We have to be like babies, constantly reborn to ourselves and the world. As Christopher Hitchens has observed, “All we know is how little we know. That’s been for many years my definition of an educated person.” We may gain experience and confidence, but experience and confidence should lead us toward a position of humility—and being secure in that inquisitive, curious state—instead of arrogance.

There is no time to be bored in a world as full of wonder and potential to learn as this one.

Or as educator Alistair Smith expresses, “At times of change, the learners are the ones who inherit the world, while the knowers will be beautifully prepared for a world which no longer exists.”

So we must practice adaptation. We must practice putting ourselves through knowing little, and being secure enough in our ability to learn and grow to accept not being very good at something at first. This process is axiomatic to the universe. All life grows stronger over time but starts out weak. When we put ourselves into this process, we honor life and what it means to be alive.

I want to know nothing. Or rather, I want to know just enough so that I remain constantly, prickingly aware of how little I do know. For me, this state is the essence of vitality. Life is striving. Not just waiting it out. Striving.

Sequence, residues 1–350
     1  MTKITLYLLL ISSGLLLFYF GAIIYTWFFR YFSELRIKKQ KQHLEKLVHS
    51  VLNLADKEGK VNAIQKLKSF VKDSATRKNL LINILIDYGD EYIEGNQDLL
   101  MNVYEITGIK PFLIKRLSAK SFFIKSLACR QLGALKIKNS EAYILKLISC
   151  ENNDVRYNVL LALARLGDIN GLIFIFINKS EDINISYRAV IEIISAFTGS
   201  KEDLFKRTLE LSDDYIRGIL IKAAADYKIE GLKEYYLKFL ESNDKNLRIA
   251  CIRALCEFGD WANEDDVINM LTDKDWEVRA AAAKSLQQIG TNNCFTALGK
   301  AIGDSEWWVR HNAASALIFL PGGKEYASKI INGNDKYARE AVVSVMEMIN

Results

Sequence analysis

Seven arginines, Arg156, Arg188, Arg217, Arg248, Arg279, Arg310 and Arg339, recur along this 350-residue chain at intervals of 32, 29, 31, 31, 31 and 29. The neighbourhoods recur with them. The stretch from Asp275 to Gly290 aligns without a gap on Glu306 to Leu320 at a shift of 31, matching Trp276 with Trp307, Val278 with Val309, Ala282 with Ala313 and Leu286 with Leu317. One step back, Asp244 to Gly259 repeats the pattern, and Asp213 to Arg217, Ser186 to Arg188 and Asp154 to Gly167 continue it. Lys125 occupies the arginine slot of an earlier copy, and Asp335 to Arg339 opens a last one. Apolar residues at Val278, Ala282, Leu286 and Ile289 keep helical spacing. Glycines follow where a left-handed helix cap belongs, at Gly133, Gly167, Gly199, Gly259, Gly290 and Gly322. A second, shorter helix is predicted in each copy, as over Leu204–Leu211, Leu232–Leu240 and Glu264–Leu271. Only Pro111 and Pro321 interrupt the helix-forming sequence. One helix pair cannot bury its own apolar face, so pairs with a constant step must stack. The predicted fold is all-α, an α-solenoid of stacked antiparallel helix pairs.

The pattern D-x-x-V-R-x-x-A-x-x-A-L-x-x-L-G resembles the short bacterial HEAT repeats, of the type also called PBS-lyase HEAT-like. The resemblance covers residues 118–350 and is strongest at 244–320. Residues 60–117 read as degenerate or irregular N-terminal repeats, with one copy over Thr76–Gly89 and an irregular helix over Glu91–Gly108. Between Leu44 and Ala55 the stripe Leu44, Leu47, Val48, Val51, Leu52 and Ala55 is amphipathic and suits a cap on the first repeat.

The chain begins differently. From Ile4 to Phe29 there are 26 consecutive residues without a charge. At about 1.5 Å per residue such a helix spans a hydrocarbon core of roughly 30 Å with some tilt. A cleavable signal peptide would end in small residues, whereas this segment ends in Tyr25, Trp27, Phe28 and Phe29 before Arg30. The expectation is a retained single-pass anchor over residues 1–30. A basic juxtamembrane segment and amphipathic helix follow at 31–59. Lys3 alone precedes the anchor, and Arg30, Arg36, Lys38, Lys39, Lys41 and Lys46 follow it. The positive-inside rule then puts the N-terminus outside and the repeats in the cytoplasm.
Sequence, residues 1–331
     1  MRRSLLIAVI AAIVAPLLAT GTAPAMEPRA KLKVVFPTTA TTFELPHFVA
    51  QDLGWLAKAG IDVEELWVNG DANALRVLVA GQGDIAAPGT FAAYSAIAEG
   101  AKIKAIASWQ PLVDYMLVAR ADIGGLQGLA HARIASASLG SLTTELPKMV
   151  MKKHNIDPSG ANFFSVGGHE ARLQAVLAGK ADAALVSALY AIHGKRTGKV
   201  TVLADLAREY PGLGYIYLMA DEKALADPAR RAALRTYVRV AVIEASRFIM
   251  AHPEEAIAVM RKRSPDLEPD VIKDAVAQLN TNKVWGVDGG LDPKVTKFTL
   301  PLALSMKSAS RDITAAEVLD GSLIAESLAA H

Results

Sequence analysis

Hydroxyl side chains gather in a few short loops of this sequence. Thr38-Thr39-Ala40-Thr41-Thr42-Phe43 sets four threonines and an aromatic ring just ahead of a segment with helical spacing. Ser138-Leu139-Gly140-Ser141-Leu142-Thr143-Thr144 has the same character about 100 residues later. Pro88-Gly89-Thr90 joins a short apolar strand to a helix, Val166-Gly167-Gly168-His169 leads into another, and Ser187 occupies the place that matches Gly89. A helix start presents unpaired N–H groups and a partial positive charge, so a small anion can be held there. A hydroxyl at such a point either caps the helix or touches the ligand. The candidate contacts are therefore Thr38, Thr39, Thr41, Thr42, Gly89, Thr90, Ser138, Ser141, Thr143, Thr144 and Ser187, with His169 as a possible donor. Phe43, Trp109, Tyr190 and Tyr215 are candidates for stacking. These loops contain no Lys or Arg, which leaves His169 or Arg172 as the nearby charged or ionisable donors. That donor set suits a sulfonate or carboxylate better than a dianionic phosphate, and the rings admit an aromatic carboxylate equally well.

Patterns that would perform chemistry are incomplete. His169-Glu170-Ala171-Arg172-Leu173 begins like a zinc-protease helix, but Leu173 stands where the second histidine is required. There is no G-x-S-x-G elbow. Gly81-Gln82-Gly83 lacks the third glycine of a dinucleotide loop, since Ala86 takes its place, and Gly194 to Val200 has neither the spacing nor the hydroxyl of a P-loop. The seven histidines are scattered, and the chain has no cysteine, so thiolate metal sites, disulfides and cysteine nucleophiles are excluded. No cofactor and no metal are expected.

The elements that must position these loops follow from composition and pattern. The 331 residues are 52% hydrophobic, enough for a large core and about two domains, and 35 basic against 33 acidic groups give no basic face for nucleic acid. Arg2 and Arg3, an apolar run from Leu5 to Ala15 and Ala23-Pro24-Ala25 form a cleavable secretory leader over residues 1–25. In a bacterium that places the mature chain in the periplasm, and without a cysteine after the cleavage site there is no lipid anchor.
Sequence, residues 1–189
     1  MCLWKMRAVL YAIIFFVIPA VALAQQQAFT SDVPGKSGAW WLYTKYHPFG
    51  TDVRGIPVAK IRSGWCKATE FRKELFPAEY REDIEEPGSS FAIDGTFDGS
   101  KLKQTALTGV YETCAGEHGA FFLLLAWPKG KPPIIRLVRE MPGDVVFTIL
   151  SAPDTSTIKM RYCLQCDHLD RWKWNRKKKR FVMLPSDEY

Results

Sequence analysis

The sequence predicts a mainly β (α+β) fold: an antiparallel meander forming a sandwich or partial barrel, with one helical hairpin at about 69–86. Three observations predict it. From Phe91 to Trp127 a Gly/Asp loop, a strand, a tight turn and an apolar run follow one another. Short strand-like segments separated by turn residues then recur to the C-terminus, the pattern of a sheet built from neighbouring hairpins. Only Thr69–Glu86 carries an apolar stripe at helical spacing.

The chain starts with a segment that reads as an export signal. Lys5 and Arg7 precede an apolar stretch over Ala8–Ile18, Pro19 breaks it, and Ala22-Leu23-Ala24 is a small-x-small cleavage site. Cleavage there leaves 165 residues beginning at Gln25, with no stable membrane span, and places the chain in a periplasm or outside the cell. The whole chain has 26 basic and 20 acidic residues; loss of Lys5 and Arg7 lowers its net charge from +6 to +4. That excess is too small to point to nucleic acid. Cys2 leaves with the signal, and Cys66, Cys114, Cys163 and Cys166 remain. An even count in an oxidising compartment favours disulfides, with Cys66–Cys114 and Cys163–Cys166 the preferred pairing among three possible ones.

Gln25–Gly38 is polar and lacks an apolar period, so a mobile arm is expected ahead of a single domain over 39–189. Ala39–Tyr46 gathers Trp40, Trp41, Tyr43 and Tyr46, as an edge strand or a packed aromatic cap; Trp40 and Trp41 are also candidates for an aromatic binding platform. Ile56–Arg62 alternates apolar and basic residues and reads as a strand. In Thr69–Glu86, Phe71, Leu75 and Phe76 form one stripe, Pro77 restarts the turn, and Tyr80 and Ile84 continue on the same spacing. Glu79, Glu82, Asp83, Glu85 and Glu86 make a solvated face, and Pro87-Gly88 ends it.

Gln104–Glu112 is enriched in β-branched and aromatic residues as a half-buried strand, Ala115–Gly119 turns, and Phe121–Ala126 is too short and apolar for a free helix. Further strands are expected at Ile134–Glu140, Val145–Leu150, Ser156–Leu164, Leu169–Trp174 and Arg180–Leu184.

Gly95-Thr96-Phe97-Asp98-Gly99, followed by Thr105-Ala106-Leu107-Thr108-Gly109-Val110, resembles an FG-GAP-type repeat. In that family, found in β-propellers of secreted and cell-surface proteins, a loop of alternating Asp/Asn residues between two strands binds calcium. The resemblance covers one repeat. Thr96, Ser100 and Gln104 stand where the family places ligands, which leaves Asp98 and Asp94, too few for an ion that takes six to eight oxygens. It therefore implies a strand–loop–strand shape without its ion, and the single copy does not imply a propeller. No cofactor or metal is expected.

So this week, I took the plunge. To tell you the truth, the thought of swimming laps with other people who know how to swim laps really scared the pants off me. I like to start from scratch, but there is a bit of fear at being the noob in town. I am good at getting over that, and acting on my own integrity despite this, but you know, I did feel the nerves a bit when it came down to it. I was nervous, too, because I like being good at stuff and I knew I would be learning immediately how not good I was at this new pursuit. It’s just this: the bigger goal has to trump the fear of how it looks, the fear of finding out how much work I really need to do, and the fear of stepping over a boundary between People Who Swim and me—who would have sworn until two years ago that I had not many athletic bones in my body.

But the mind is more powerful than all of that.